Lag Ba'Omer bonfires caused wildfires Thursday

Lack of fire safety likely responsible for massive fires near Jerusalem, Fire chief says.

Uzi Baruch,

Fire in Jerusalem
Fire in Jerusalem
Shlomi Cohen/ Flash90

Lag Ba'Omer fires may have sparked the massive blazes in Emek HaArazim, Ramot, and Jerusalem's Romema neighborhood the Fire Department announced Monday. 

A campfire in Emek HaArazim, near Ramot, probably started the blaze as Lag Ba'Omer festivities ended, spreading due to northwest winds at approximately 12:05 pm Thursday, the Investigative Department of the Jerusalem Fire and Rescue Service said. The blaze eventually grew to a wildfire, spreading easily through the forest. 

Then, due to a change in wind direction, multiple small fires broke out in Emek Hazevaim, eventually converging into a large fire that swept through that valley. 

A fire in Romema, meanwhile, was likely started by Israeli youth building bonfires in the heavily-crowded neighborhood, the investigation added, aided by high winds and dry air. The wind tunnel spread the fire quickly through the neighborhood, causing hundreds of families to evacuate.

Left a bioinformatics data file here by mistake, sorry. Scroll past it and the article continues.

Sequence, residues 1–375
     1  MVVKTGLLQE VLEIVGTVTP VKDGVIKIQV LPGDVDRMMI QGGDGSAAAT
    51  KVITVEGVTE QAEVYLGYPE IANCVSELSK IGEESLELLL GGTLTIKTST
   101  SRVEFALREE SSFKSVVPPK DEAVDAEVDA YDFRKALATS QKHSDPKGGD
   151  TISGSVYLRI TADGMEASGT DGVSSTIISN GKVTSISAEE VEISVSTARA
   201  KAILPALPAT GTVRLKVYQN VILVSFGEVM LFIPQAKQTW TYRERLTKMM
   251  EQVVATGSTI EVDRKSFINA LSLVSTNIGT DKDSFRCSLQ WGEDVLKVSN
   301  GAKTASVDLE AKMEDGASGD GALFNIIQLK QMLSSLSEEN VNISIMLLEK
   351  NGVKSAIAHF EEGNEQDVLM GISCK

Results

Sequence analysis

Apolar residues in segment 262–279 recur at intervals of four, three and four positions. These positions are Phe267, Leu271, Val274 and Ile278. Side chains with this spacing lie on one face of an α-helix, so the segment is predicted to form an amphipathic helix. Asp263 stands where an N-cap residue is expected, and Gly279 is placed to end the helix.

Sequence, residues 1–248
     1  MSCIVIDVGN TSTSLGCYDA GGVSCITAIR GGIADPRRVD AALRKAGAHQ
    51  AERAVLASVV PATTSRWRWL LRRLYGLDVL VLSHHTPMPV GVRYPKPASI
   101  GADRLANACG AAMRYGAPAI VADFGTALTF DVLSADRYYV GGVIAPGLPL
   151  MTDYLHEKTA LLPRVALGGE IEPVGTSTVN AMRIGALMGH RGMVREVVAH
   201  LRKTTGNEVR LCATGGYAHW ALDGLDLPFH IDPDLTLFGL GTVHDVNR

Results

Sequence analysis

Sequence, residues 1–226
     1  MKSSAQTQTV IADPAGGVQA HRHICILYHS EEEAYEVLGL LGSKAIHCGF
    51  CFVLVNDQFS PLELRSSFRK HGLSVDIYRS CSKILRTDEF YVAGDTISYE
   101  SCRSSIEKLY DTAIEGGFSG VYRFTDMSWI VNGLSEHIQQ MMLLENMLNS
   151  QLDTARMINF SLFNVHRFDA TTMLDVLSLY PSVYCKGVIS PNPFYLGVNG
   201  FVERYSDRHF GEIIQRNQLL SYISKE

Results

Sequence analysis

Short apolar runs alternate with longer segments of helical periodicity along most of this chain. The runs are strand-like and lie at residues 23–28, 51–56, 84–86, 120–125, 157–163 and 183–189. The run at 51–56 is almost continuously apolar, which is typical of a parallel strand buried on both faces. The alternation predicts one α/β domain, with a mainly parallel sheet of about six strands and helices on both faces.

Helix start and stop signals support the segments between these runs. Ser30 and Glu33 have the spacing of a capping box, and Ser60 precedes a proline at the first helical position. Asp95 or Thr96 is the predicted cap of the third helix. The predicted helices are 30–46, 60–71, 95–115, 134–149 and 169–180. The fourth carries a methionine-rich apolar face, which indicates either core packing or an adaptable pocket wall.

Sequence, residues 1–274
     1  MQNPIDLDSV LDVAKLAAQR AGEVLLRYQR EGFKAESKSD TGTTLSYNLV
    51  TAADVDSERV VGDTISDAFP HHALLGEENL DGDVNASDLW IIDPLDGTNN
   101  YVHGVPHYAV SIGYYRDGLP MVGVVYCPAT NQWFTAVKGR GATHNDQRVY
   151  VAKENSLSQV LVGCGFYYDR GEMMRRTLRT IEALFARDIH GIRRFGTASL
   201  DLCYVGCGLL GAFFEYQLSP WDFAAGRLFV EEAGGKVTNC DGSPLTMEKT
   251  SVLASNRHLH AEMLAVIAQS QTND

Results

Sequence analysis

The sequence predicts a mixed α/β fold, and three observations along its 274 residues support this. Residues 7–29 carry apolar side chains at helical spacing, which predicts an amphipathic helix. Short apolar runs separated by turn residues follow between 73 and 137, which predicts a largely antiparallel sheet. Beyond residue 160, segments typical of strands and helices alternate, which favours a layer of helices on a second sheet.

The two blazes were the latest in a spate of fires across Israel this spring/summer season. After 1,500 fires were recorded in five days in April, experts warned that the prime culprit is a lack of fire safety; as such, Lag Ba'Omer, where the nation's children build bonfires anywhere and everywhere proves a day prone to fires every year. 



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